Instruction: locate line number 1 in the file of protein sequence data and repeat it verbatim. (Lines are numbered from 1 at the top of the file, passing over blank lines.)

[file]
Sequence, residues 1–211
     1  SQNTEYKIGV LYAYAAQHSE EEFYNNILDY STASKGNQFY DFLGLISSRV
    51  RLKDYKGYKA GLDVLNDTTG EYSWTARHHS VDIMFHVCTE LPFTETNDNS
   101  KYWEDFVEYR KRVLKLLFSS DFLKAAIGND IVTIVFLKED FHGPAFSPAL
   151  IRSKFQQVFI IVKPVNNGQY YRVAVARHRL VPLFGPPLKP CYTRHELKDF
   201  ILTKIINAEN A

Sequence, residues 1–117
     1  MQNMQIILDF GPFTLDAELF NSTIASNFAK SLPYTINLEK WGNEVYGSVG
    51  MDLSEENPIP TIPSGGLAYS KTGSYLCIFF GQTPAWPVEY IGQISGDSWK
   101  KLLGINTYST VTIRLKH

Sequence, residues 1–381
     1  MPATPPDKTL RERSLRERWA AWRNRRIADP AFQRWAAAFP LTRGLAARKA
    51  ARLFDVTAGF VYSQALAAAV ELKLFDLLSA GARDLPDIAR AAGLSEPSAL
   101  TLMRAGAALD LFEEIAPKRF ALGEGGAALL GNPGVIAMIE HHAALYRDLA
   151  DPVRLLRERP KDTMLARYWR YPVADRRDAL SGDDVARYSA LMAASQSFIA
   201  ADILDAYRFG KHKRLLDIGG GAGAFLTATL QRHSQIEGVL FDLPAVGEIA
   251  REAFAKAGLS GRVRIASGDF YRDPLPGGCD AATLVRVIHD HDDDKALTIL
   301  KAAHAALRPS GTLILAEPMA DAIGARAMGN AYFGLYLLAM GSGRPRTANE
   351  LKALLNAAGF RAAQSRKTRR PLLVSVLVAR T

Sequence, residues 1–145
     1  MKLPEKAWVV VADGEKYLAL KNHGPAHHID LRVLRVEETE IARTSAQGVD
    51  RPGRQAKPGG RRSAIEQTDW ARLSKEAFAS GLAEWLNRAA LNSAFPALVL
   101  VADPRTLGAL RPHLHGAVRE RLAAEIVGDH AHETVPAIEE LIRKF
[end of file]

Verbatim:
Sequence, residues 1–211